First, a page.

Rectify (Sundance series)

Rectify has all the hallmarks of TV shows I tend to fall in love with; interesting and complex characters, beautiful visuals and great music. The central protagonist Daniel was imprisoned into solitary confinement on death row 20 years ago as a teenager. Now, a grown man in his mid-30s, Daniel has been released from prison based on a new piece of evidence enabled by improvements in DNA technology. Despite these premises, Rectify spends little time on criminal justice issues. More pertinent to the series is the question of how to live while navigating through the various hostilities one faces and society’s demand for blame that manifests as retribution or punishment. While it may provide comfort and clarity to have people made responsible for their actions, to what extent does that help the community?

After spending decades in solitary confinement, Daniel is awkward communicating with his family and having physical interactions. Seasons 1 and 2 follows Daniel adjusting to life back at his family home in the small town of Paulie, Georgia; a place he left as a thoughtful and introverted teenager and returned as a shell of a man carrying mental scars from his time inside. However it’s not just Daniel that requires adjusting: his sister Amantha has spent 20 years fighting for the release of Daniel, and is lost in the face of questions as to what her life is about now: Daniel’s release was her purpose and now she is adrift, trying to discover a new cause to live for. She ends up getting a job as a check-out girl at the local grocery store, a position that may be considered far below her qualification.

The family tree has changed a bit too. Daniel’s mother married someone new; Daniel now has a half-brother and a step-brother. No-one is particularly good at communication. There are glimpses of how their relationships could be and there are moments where Daniel and his mother fall into their old rhythm; these moments are only recognised as a painful reminder of how much has been missed as after so much suffering all involved have forgotten how to feel joy and seem surprised and uncomfortable with getting what they hoped for.

The big part of the story in season 1 and 2 is Daniel’s experience with Christianity. Encouraged by his step-sister in law, Daniel decides to get baptised. He wants to experience what it means to be born-again and hopes it would help him to adjust out in the world: shake off the imprisoned part of himself. While the series isn’t promoting religion, it shows how it can comfort people at a time where the world is a confusing and uncertain place and how it helps people to forgive and be generous and kind to each other. However for someone like Daniel, that is intelligent and thoughtful, religion plays a ceremonial role at best. Christianity in small town America is a social culture that Daniel feels uncomfortable in, and even followers of Christ struggle to see past their expectations about what Daniel is.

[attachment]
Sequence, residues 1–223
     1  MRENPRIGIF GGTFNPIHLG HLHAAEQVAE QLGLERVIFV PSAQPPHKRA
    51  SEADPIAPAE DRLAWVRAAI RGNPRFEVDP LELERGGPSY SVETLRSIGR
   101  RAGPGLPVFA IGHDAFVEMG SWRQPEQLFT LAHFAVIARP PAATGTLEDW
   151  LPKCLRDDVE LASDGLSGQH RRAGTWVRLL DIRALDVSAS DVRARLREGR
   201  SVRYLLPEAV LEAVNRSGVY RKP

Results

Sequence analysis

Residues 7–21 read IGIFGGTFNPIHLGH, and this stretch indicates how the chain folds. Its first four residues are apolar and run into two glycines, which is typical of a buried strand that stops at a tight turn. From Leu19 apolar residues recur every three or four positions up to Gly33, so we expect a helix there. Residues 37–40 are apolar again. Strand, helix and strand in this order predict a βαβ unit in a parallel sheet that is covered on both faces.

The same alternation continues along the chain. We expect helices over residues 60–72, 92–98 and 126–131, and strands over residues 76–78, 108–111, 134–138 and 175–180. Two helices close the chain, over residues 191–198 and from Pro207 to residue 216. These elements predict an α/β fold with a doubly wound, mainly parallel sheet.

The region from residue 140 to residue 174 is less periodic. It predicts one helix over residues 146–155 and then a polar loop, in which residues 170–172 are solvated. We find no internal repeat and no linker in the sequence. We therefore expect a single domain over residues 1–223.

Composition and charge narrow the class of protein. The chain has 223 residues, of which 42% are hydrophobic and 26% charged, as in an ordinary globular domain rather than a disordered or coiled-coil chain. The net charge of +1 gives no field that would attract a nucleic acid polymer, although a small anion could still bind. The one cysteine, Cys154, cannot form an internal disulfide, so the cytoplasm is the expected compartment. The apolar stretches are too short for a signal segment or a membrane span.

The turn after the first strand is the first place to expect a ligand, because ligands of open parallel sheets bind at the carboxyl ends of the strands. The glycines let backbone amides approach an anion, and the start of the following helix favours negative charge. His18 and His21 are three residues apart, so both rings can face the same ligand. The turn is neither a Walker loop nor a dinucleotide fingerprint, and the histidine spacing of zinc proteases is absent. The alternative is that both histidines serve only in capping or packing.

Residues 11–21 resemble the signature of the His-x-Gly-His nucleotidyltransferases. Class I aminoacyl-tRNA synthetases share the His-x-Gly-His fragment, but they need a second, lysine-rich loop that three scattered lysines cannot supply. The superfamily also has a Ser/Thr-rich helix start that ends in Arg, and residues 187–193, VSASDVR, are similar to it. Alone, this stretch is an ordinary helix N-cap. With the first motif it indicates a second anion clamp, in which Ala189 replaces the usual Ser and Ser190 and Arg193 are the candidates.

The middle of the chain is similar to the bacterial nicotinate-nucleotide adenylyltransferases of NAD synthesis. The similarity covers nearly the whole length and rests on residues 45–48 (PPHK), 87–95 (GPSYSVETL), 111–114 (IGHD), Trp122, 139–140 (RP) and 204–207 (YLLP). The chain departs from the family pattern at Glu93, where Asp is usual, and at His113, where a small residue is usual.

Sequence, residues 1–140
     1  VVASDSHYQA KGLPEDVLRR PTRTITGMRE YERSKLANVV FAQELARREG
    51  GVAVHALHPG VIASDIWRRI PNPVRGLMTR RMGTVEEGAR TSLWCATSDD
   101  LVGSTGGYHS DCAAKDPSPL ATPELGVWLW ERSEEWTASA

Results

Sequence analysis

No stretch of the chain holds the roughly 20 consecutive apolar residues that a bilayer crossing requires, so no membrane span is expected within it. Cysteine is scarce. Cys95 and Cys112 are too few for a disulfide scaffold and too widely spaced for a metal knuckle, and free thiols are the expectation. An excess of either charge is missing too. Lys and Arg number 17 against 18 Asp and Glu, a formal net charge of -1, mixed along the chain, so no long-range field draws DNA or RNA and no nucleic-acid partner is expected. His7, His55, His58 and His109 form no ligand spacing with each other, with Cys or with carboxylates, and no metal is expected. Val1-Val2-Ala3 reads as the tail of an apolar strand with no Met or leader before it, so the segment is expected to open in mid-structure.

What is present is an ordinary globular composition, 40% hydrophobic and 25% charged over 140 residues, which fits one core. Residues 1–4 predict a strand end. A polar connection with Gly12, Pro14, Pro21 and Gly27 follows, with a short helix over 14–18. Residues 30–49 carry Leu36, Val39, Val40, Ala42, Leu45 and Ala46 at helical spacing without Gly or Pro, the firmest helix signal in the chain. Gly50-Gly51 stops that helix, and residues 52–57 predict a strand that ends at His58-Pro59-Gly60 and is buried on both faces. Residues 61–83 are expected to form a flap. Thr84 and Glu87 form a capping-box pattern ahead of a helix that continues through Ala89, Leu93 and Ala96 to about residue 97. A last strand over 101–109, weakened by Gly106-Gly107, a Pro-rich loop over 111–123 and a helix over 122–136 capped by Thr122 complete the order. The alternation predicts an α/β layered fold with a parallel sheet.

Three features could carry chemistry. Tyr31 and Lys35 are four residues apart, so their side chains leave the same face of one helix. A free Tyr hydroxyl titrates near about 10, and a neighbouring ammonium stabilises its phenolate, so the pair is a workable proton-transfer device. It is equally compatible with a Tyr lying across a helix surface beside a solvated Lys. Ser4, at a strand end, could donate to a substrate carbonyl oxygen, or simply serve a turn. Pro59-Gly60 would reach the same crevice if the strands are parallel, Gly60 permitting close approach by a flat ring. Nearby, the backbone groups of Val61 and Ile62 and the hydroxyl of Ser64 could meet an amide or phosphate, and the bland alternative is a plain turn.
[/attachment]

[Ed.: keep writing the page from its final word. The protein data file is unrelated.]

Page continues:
The series moves along without clear direction, but the meandering and careful pace, led by Daniel is central to the theme. There are moments that are so shocking that you think would turn into a big story but do not; and there are other small events that end up taking on more significant meaning. None of it is very predictable yet the emerging story comes across very authentic and natural.

Season 3 goes more into Daniel’s relationship with his step sister-in-law Tawney, who has been inspired by Daniel and trying to find her ownself after years of playing the good house wife in her troubled marriage. It’s difficult to know whether Daniel and Tawney have genuine feelings for each other or whether their emotions are misdirected and they are just overwhelmed by the unusual circumstances they live in. The show however does not judge or overly dramatise anything that happens. Rather, the pace of the show flows like a peaceful river over the top of grinding emotion.

Rectify is a brilliant show. It is intelligent, thoughtful and beautiful to watch. I would highly recommend anyone to watch the show, and Season 4 will be starting on 26 October 2016!

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